‘Zero waste’ has become the buzz word in the last decade or so for those interested in sustainability. As with many buzzwords, it can often be used for more promotional value and flashiness rather than actual substance. Corporates are known to frequently conduct CSR programs under the label ‘zero waste’, yet if you account for the entire process of marketing and coordinating these activities, you could make the case that more energy and waste would have been saved had the program not be done in the first place. So there is clearly still a disconnect between zero waste as a label and zero waste as a guiding philosophy.
At Urban Hijau, we have been trying to take this philosophy seriously and have made significant headway in waste reduction at our farm. Taking in our food waste donations is just a start. We are also concerned with plastic consumption and out staff tries to avoid single use plastics when possible for our activities. The deeper we go into zero waste though, the more we realize that it calls for a more broader outlook to practically implement it.
Unpacking Zero Waste
In permaculture, we consider waste as any sort of unutilized resource. So the prevalence of waste is a sign of a system deficiency, that resources or byproducts are not being properly accounted for in the production process. Yet we have to realize that the macrosystem we are operating in, one built largely on petrochemical energy use and infinite growth, is ultimately wasteful by design. It has placed its emphasis squarely on the side of producers who largely do not have to account for environmental externalities that the society and ecosystem pay for. The rate at which waste is created much of the time will outstrip even out best efforts at reduction sadly.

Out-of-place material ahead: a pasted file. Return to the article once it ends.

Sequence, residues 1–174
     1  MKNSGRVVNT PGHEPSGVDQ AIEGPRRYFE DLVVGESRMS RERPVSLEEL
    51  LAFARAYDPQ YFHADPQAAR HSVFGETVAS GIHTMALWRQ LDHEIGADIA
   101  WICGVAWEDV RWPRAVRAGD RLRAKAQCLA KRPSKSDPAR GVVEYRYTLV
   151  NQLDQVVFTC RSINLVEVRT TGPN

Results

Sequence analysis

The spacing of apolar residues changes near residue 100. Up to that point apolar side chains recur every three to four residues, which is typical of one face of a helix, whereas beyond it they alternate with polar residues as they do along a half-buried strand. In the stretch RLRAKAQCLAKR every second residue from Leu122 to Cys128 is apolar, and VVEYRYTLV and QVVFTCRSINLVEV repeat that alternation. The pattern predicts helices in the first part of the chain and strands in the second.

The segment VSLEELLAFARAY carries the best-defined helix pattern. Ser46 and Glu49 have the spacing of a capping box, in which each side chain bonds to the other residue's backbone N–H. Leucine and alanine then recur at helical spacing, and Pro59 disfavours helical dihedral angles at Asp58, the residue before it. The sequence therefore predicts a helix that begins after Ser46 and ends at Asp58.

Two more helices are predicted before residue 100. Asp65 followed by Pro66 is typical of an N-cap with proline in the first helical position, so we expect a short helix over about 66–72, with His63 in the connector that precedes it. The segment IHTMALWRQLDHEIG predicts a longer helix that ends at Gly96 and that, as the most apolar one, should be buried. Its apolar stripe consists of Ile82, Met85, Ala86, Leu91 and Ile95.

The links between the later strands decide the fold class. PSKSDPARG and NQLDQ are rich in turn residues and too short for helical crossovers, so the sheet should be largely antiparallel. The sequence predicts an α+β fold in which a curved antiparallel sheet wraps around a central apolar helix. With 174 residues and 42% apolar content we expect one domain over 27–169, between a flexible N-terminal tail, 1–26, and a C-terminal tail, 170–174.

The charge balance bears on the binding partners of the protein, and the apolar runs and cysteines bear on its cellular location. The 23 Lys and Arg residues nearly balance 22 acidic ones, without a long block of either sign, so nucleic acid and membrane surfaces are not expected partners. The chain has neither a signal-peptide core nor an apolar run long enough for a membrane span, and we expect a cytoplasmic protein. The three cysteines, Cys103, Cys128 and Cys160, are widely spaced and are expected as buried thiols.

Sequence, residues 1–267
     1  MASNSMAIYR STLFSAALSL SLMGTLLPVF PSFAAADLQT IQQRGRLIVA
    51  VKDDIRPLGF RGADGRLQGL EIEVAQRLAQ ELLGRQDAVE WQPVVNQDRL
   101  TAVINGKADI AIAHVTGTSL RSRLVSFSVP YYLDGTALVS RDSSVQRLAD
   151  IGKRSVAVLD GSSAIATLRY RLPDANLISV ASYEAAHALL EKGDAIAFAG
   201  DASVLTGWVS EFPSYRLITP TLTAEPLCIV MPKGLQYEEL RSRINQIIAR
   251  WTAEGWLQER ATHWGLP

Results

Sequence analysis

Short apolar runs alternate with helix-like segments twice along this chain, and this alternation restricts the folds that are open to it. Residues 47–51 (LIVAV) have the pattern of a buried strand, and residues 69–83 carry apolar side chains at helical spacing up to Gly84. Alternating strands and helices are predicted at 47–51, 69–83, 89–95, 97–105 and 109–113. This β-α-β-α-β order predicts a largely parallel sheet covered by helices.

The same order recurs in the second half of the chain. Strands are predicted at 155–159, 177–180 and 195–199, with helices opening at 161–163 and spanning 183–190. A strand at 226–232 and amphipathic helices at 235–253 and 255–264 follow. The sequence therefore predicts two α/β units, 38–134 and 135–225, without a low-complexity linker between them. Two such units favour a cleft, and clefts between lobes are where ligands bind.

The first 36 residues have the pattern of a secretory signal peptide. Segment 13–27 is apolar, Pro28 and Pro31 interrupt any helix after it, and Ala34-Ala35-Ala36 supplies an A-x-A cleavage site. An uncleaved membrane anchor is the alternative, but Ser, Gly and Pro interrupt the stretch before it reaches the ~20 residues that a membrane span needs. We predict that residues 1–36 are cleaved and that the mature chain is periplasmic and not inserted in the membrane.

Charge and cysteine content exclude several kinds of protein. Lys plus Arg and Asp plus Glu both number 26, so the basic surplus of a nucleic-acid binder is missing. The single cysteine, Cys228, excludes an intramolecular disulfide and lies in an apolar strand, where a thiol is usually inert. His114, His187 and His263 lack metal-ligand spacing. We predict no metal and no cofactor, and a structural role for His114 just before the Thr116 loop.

Does this mean that zero waste is a pipe dream? It depends on the perspective you take. It can be seen as an individual responsibility, where one focuses on your own or family waste outputs, from your kitchen greens to the plastic you use to household energy consumption, and you take measured steps to try to eliminate unneeded excesses. Curbing your own rate of consumption is a good beginning point.
At Urban Hijau, we view zero waste as an aspiration rather than a concrete end goal, simply because we accept certain ground realities related to the items we use that end up leaving our farm as a waste output. But by having a regular audit of our farm processes, we try to reduce steadily our own footprint over time.
A Higher Purpose: Carbon Surplus
A loftier and perhaps more worthy goal then for urban sustainability actors is to consider carbon surplus rather zero waste. While zero waste lays emphasis on simply cutting out the extraneous resource consumption, an unwieldly and often unfeasible task in a limited system, carbon surplus looks for system transformation. Carbon surplus concerns minimizing waste by upcycling, cycling energy and converting unused resource into useful matter. It sets objectives in more tangible terms of net carbon reduction rather than subjective waste measurement. So rather than simply try and avoid having to put items like fruit peels and veggie cuttings into the garbage and then the landfill, try instead to execute ways in which they can be converted into useful items like compost, mulch or fermented fertilizer.
Crucially, carbon surplus allows for wiggle room for allowing certain necessary processes that end up creating wasteful byproducts, yet can be accounted for by other components within the system that produce a net positive environmental effect by repurposing these byproducts.
The mindset switch we are advocating is to not view waste as waste, but as a potentially valuable item that requires innovation and initiative to make it useful for society again. In other words, carbon surplus is a way for humanity to clean up after itself.